July 10, 2012, Oakland, CA: New research shows that addressing social vulnerability – the susceptibility of a given community to harm from a hazard – in climate change policies and response strategies is critical to California’s future. With some degree of climate change unavoidable, communities must begin developing and implementing adaptation plans, and integrating social vulnerability into their strategies is key.
California faces a range of impacts from global climate change, including increases in extreme heat, wildfires, and coastal flooding and erosion. Changes are also likely to occur in air quality, water availability, and the spread of infectious diseases. Social and economic factors – like age, race, income, lack of access to a vehicle or other means of transportation – directly affect a community’s ability to prepare for, respond to, and recover from climate impacts. The report Social Vulnerability to Climate Change in California identifies geographic areas within the state with such heightened risk to projected climate impacts.
|Maps of Social Vulnerability to Climate Change|
|This map shows the modified Social Vulnerability Index for Census Tracts in California.|
|This map shows individual factors which may affect a region’s vulnerability to climate change impacts, compiled for Census Tracts in California.|
This research – carried out with input from community leaders and advocates of the Oakland Climate Action Coalition and with representatives from federal, state, and regional agencies and community organizations – highlights why understanding vulnerability factors and the populations that exhibit these factors are critical for crafting effective climate change policies and response strategies.
“Climate risk is a function of exposure and vulnerability,” said Heather Cooley, co-director of the Pacific Institute Water Program and lead author of the report. “Many social and economic factors interact – such as access to transportation, legal residency, income, and language abilities – and it is these factors that determine vulnerability to a climate impact or other hazard.”
The most significant risk from climate change occurs where there are large groups of people exposed to a climate-related hazard and where there is high social vulnerability. To compare overall social vulnerability to climate change across the state, the Pacific Institute developed a new “climate vulnerability index” that combines data from 19 different social and economic factors – such as air conditioner ownership, percentage of tree cover, workers in outdoor occupations, and more – for each of the 7,049 census tracts in the state. Areas were ranked as high, medium, and low vulnerability based on their index scores.
The vulnerability index was then overlaid with maps of projected exposure to extreme heat, particulate matter, coastal flooding, and wildfire to identify areas with high social vulnerability and high projected exposure to climate change disturbances. The areas of overlap indicate those areas with heightened risk of being impacted by these climate changes as a result of exposure and social vulnerability.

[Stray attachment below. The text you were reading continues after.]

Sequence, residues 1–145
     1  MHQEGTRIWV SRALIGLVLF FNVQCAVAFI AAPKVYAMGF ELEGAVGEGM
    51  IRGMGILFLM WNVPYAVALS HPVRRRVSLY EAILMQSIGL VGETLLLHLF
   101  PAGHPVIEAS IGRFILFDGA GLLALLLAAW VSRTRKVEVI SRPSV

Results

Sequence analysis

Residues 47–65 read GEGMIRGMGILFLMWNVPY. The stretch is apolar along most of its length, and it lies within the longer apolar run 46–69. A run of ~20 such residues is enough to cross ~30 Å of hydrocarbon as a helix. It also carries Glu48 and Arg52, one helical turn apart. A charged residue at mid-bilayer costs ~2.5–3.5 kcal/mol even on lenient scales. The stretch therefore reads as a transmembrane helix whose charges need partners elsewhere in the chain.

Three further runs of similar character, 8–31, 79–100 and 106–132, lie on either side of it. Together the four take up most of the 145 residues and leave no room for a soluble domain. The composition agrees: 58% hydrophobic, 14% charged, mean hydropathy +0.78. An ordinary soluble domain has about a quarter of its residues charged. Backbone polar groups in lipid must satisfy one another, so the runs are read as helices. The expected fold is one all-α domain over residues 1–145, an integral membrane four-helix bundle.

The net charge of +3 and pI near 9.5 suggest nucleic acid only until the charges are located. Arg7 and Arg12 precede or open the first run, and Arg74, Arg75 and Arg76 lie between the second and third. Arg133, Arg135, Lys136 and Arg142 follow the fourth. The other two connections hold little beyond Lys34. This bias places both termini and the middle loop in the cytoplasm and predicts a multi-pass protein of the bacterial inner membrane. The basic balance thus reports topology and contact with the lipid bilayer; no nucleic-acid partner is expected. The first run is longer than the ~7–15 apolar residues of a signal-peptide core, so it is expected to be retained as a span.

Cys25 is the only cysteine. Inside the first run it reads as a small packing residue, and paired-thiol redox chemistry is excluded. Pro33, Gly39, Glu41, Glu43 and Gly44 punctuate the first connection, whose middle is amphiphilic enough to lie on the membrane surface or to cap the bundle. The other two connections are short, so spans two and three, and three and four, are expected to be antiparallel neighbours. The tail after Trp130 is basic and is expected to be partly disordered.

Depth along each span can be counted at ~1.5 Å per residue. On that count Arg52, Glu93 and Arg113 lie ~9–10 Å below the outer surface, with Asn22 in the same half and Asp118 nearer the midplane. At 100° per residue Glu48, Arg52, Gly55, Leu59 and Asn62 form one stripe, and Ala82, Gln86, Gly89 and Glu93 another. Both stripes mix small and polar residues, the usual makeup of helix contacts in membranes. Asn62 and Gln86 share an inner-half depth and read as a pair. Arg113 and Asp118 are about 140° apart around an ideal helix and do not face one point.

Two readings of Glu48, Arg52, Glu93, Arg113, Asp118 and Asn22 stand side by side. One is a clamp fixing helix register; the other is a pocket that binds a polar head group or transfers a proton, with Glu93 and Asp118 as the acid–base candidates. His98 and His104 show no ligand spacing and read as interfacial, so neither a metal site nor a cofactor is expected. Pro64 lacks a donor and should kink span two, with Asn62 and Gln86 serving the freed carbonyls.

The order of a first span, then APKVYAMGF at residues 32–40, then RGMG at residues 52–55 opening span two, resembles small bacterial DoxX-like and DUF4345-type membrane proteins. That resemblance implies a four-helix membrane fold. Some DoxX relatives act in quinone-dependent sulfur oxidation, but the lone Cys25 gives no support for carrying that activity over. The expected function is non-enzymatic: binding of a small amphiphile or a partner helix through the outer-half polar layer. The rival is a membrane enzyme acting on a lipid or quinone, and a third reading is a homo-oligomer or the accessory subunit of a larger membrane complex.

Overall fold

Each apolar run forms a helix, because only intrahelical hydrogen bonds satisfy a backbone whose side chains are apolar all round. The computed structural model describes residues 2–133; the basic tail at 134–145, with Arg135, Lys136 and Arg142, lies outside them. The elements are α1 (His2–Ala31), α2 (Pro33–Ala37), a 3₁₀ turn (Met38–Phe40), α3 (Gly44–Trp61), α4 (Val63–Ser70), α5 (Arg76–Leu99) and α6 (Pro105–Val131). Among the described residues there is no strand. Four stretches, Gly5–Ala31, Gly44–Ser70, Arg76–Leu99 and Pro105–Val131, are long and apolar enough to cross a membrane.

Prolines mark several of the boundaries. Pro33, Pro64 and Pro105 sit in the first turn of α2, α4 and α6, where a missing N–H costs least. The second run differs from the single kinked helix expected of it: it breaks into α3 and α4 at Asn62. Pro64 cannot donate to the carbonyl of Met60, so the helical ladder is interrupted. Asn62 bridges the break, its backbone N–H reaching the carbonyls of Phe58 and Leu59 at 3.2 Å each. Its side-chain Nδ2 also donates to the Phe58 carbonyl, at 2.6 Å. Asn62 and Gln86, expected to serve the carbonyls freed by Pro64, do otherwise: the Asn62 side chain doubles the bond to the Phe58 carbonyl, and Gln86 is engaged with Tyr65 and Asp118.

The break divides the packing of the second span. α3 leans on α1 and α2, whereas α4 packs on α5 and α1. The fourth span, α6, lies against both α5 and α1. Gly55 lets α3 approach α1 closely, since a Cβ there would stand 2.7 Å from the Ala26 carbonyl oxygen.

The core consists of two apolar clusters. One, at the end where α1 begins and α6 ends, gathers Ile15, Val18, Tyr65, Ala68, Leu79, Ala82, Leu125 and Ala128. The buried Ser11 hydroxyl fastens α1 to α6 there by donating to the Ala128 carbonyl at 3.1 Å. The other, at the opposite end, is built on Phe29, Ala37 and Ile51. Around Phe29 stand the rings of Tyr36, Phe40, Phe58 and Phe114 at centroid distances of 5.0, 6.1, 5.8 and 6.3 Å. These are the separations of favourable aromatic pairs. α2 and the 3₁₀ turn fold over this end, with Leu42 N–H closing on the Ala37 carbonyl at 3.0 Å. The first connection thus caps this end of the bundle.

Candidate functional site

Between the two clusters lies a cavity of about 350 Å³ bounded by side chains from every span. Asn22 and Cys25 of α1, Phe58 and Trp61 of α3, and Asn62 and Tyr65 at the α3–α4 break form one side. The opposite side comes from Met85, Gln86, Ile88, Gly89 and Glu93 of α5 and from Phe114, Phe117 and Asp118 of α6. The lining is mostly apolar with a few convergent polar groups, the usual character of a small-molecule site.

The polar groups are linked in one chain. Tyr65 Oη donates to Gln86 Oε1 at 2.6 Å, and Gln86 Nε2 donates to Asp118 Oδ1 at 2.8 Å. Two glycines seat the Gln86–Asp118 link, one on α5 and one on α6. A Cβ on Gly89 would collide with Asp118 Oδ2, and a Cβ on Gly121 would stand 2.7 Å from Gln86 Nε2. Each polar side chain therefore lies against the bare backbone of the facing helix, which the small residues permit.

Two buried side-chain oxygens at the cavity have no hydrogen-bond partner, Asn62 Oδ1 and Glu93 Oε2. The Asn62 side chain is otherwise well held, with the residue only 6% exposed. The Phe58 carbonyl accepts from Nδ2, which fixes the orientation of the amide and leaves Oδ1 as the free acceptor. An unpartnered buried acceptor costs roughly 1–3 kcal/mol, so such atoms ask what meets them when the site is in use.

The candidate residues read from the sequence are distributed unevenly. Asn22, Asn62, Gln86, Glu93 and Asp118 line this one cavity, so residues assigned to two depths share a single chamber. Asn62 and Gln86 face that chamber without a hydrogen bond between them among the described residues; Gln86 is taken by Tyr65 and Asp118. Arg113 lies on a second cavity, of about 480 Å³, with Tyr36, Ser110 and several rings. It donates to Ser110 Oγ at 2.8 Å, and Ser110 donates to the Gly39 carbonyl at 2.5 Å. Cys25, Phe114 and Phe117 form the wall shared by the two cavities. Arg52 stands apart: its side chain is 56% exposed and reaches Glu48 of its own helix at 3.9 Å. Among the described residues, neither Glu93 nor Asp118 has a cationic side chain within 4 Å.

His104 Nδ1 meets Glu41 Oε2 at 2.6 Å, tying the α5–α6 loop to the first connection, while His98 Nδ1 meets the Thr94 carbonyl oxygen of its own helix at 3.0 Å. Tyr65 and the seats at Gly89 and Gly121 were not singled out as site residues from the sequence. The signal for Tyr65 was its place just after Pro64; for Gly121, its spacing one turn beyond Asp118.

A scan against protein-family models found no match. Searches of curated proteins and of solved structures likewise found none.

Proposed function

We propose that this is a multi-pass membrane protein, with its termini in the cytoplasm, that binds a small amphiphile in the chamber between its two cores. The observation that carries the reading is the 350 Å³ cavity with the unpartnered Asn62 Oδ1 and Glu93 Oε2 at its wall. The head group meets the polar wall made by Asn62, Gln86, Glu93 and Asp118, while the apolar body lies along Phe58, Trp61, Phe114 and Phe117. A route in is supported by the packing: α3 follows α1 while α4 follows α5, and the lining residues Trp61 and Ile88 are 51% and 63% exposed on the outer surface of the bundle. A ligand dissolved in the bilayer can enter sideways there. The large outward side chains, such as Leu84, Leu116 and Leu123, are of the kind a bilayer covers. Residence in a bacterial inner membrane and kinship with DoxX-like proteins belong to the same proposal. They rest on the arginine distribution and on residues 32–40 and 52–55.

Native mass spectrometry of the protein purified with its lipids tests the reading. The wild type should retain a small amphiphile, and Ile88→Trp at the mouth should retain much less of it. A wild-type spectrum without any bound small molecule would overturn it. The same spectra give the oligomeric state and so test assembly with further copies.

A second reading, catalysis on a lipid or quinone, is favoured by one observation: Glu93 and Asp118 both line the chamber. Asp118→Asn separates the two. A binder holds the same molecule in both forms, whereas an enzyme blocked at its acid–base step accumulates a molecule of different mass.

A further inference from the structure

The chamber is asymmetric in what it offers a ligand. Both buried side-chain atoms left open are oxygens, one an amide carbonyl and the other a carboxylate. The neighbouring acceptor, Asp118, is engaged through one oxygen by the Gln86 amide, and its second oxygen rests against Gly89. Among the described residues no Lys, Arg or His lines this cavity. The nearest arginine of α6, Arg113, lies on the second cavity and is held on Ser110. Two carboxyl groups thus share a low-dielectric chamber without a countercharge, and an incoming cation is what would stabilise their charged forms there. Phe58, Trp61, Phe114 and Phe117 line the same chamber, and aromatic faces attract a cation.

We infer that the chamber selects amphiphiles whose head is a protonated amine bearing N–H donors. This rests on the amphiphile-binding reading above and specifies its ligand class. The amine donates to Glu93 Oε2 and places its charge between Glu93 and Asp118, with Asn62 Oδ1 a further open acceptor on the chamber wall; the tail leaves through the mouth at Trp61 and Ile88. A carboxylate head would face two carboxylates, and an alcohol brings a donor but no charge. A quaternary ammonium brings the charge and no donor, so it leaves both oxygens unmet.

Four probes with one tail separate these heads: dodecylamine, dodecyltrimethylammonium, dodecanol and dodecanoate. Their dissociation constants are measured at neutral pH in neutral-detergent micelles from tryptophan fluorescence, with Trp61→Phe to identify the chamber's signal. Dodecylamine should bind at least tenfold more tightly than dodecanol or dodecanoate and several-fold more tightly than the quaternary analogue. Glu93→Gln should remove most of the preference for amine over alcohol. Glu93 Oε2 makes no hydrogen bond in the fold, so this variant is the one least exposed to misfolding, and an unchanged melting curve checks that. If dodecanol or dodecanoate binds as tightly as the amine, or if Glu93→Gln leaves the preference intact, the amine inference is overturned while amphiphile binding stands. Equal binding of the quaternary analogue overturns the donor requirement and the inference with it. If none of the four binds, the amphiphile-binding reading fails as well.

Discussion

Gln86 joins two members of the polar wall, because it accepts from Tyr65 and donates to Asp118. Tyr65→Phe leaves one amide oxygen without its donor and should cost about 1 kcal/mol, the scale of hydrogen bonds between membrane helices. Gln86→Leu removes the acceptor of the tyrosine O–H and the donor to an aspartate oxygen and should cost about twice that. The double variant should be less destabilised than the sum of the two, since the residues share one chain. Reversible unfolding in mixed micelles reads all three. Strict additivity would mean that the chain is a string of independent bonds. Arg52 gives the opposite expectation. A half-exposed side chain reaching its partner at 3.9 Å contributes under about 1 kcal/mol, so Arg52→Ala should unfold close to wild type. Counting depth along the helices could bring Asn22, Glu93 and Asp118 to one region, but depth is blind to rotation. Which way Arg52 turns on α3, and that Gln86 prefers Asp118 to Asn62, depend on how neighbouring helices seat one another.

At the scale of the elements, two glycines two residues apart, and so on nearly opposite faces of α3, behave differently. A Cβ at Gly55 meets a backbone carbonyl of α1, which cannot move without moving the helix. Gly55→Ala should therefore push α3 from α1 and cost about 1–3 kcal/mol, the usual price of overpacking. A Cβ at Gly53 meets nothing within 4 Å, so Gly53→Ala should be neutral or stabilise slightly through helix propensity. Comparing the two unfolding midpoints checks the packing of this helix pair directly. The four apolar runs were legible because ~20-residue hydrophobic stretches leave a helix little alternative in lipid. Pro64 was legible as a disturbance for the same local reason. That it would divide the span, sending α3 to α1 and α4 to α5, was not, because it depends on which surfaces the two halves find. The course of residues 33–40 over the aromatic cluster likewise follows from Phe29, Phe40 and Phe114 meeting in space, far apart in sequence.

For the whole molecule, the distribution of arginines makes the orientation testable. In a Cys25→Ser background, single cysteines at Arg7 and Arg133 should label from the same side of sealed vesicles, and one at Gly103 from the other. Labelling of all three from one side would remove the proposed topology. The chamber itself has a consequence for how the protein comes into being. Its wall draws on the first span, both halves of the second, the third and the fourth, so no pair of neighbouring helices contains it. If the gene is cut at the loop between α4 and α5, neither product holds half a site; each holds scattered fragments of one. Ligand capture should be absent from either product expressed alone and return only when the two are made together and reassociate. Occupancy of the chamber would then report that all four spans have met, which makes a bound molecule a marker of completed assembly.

For example, the number of extreme heat days is projected to at least double and in some areas increase by 500% by the end of the century. But while warmer temperatures will affect all Californians, it will be especially problematic for those with heightened vulnerabilities, many of whom are concentrated in Los Angeles, Orange County, San Diego, and San Bernardino counties. Sea-level-rise-induced coastal flooding is largely centered on the San Francisco Bay Area and the Los Angeles region, especially Orange County. Social vulnerability, however, is generally low in the Los Angeles region, with the exception of Ventura County, where more than half of those impacted exhibit a high social vulnerability. The San Francisco Bay Area, however, has large numbers of highly vulnerable populations, with more than half of the population at risk of inundation in Contra Costa, San Francisco, and Monterey counties scoring in the top 30% for social vulnerability.
To address these vulnerabilities, communities need to begin developing and implementing adaptation plans, and these local planning processes need to involve communities most vulnerable to harm when developing appropriate preparation and adaption strategies. Local governments or regional planning agencies should conduct detailed studies to better understand the potential impacts of climate change on their communities, including an evaluation of social vulnerability.
Download the report.*
Download the abstract.
View Social Vulnerability Index map.
View the Social Vulnerability to Climate Change: Individual Factors map.
Download the press release.
GIS DATA DOWNLOADS: Find links to downloadable geographic data created or modified by Pacific Institute researchers for this report here.
*Update: Copies of the report downloaded before September 28,
2012 incorrectly stated the time period for our analysis of historical high-heat days as May 1 –
October 31. The correct dates are May 1 – September 30.